Science ideas for young children: Part 13 – Falling leaves

Teach young children about science by enjoying fall leaves.

This is the 13th article in a series by Michigan State University Extension about science activities that can be done in the natural world that anyone can conduct with children.  This can be done within a family, in a day-care setting, as part of school activities, a 4-H club or with any group working with young children. 

Kids love to ask questions and try to figure things out is a great way to learn science.  Fall is a great time to learn about science as many things that happen and change during this time.  Here are some questions, answers and experiments to do with falling leaves.

  • Why do leaves drop in the fall?
    • Let the young people come up with ideas and see how they can test it.  If they think it is because of colder weather, let them put a tree branch in water and then refrigerate it to see if the leaves fall off easily.
    • If they think it is because of shorter days, experiment by taking a small potted tree and putting in a closet where you have the light set on a timer.  Make a shorter “day” and see if the tree loses its leaves (shorter days means less photosynthesis occurring).
  • How does it benefit trees to drop their leaves?

    • The purpose of leaves is to turn sunlight, carbon dioxide and water into food for plants so the plant can get bigger and produce more seeds.
    • In the winter, days are shorter, so there are fewer daytime hours and less time to make food.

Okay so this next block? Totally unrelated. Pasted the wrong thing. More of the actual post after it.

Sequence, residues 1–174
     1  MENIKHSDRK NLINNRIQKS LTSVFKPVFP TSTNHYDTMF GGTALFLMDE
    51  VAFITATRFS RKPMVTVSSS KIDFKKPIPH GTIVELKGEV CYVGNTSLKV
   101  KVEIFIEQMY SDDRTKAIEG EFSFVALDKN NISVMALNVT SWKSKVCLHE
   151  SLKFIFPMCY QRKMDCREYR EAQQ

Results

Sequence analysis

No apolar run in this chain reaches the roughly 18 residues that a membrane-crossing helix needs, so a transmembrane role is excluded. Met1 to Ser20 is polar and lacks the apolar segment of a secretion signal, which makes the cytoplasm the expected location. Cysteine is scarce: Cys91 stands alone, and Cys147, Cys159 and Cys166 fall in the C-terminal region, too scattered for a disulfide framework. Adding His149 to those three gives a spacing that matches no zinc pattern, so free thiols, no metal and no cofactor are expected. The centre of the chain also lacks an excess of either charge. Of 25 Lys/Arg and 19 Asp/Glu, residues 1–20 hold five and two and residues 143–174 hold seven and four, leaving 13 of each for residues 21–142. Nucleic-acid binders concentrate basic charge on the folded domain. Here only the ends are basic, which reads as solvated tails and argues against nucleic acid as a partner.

• When leaves are making food, they draw water up from the roots through tubes called xylem.  If that water is trapped and freezes in the xylem when the weather gets cold, the “pipes” could burst, killing the tree. 
  • Why do some leaves drop sooner than others?

    • Ask the children to notice which trees lose their leaves first.  Are there any patterns?  Is it trees of a certain kind (same leaf shape)?  Is it trees that are in a certain area?  Are there things that might be blocking the wind, sun or rainfall that could lead to the changes?
    • There are many reasons why trees lose their leaves at different times.  Have the children make a guess about why and see if they can find evidence to back it up.  If they think it is a certain type of tree, they can look at trees in other places in your neighborhood.  If they think it is that they are near a road, look at other trees near the road and see if those are the same.  Look for signs of insect, wind or lawn mower damage on the tree.
  • Why don’t pine trees (sic) lose their needles?

    • All trees with needles aren’t pine trees, the proper term is conifers.  They might be pines, spruces, cedars or other trees.  A guide is available online to help identify these tree types.
    • Broad leaves lose a lot of water.  Whipping winter winds make that problem even worse.  If you cut a small branch off both a conifer and a broadleaf tree and put them in two separate vases, then blow a fan over the branches, the water from the broadleaf plant should evaporate faster than from the conifer.
  • Why do leaves change color?

    • There are pigments in leaves that turn sunlight, carbon dioxide and water into food for the plant.  The most common one is chlorophyll, which is green.  In the fall plants produce less chlorophyll, which allows the other pigments (which are there all along) to be seen.
    • Do some trees have different colors? Do trees in different areas turn color sooner?

Encourage the young people you work with to ask questions about falling leaves and build the scientist within themselves.

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